Like most kids I grew up on a diet of fairy tale stories with happy ever after endings. Even as a teen the little flutters of romance with boys at our nearby school kept my dream alive.
Then I hit earth with a thud.
I had my first snog. A spotty Harrovian that pinned me against a wall at a school. The washing machine motion made the whole experience decidedly sensual.
Then when I started dating it went from bad to worse.
For a start my vision of perfect candle lit suppers crashed and burned with beer swigging rugby lads who lived in a sea of crisp packets and dirty pants. Sex was also a right off. Ignorance on both sides and too many male hormones led to a lot of grunting and grinding and little mutual pleasure.
Then the long term relationships kicked in. Again more naivety that just because you're together means it will work out or that you actually like each other. Then the disappointment at growing so comfy that you could replace your partner for a pair of slippers and you wouldn't notice. Or the other scenario where egos clash and pull the duo apart. A wise old guru once told me that the common myth was that lovers became one, like two branches intertwining. He said that fusing and becoming one is a denial of your Self. He said the perfect situation was one of the couple to take the lead one week and the other the next. He was 70 and still single with a bevvy of young lovers. I remained on the fence.
I was also dismayed by couples around me. There was more sniping and resentment than affection and tenderness. Separate bedrooms, independent lives and then often an extra portion passion on the side please. The secrecy of an affair according to one breathed life back into their relationship.
But there was the odd couple that shone out in the dark - the ones that often looked alike, that finished each others sentences, that offered a bite of their pudding before they had even started, that had eyes for their one and no one else.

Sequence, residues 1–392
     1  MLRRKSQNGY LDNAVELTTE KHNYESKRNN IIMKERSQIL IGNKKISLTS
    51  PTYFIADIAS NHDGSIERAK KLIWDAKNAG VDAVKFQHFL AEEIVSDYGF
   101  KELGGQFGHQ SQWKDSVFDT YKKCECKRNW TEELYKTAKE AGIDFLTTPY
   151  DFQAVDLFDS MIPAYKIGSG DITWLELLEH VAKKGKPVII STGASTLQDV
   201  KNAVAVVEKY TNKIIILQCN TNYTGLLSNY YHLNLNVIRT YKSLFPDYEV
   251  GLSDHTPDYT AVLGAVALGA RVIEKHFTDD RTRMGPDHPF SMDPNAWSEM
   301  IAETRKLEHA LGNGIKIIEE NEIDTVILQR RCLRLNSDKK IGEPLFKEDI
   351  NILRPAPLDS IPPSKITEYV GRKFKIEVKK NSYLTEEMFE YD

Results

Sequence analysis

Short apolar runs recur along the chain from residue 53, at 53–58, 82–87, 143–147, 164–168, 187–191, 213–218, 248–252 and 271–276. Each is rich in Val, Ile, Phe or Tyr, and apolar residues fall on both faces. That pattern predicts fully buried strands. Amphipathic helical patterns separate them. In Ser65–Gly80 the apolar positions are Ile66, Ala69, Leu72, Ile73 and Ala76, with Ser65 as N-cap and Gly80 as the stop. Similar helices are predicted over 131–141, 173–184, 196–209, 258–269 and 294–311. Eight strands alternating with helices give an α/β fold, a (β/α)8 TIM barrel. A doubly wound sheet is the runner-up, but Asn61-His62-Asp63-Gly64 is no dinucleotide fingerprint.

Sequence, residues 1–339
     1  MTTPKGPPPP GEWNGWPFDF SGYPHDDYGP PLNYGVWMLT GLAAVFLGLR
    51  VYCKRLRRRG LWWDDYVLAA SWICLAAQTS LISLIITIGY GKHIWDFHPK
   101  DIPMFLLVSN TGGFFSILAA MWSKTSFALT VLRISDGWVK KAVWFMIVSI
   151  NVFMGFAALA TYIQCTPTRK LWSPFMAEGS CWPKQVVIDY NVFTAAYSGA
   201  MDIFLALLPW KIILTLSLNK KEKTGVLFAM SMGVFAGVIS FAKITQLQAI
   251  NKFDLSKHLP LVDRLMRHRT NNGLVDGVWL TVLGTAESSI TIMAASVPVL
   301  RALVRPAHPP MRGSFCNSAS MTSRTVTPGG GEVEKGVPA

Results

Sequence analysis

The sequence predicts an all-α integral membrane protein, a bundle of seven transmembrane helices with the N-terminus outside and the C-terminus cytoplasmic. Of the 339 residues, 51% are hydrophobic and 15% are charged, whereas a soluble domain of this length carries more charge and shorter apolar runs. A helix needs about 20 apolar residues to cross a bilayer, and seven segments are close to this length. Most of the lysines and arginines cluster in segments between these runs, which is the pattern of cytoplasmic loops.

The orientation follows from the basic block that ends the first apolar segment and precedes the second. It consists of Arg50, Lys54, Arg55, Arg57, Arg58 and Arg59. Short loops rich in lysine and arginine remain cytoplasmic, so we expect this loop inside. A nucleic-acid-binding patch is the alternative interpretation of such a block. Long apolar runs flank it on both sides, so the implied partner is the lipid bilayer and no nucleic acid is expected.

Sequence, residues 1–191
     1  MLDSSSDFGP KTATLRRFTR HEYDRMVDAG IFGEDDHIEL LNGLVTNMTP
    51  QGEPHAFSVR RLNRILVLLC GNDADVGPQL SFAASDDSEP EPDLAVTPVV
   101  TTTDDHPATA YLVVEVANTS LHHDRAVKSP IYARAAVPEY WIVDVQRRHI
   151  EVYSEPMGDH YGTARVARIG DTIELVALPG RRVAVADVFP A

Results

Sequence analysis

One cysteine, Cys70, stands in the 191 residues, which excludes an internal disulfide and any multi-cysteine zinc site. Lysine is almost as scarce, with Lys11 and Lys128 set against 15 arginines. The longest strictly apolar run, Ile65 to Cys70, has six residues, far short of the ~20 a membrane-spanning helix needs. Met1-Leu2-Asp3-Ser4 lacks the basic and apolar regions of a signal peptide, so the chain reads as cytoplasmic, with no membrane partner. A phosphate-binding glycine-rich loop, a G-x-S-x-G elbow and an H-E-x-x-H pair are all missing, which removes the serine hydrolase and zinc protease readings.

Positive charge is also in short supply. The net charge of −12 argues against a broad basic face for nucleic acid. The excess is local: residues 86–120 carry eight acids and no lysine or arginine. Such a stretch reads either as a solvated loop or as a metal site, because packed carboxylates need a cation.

It used to make me envious and after so much un-love I decided to clam up and go the single way. I travelled alone, lived alone and did the no strings things.
Then boom when I was least expecting it I became a love convert. It was a Damascus experience no less. I told him I loved him within days. I moved to France after a few weeks. It was beyond me.
He was very different from me so all my box ticking went out the window. Not sporty at all in fact a real foodie - I think foie gras was the first dish we shared. Not a wry Brit but a warm hearted Mediterranean. Also a Dad (so baggage) and a very important businessman whereas I was in my spiritual 'who cares about material life' phase.
But from the day I met him it worked, it made me blissfully happy and not only that I have discovered so much more about me. I didn't realise that finding your one, twin flame, soul mate means a freedom to be you. Because you both balance each other out so completely you both become stronger. Meeting my love also enabled me to face some demons of the past, to stand in my truth and to pursue my passions. Before I was a worn out marketeer. Now I write with all my heart. I am finishing my first book. He is my muse.
Love is much used word these days. Its a symbol on bbm, a sign off on most emails. But few feel the real stuff. They settle for second best, for an easy life. It is a tragic waste. Love is the highest religion. It does conquer all. Nothing really matters after that.
I dedicate this blog to my one, my beau. It is our first year wedding anniversary in a week and it has been the best year of my life.
In the words of Katherine Hepburn - Love has nothing to do with what you are expecting to get only with what you are expecting to give, which is everything.Suggest a correction